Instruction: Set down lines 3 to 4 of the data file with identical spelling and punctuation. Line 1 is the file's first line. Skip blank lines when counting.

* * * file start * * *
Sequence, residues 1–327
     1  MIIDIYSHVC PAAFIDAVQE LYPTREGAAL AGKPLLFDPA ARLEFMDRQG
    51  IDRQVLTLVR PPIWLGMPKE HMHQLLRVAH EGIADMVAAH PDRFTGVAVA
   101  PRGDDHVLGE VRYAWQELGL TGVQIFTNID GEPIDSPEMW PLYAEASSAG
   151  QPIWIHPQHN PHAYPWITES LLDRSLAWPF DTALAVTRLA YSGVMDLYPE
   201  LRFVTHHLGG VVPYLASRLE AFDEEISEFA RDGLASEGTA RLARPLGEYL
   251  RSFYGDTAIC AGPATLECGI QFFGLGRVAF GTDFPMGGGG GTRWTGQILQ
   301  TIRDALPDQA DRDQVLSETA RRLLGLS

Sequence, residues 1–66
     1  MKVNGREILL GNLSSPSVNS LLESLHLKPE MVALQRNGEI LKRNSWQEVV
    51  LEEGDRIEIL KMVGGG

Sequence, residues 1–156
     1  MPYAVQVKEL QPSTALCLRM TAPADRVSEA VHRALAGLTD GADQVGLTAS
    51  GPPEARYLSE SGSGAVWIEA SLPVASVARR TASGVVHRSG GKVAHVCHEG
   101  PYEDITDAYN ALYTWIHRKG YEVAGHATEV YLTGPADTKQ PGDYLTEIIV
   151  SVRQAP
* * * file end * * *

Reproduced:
    51  IDRQVLTLVR PPIWLGMPKE HMHQLLRVAH EGIADMVAAH PDRFTGVAVA
   101  PRGDDHVLGE VRYAWQELGL TGVQIFTNID GEPIDSPEMW PLYAEASSAG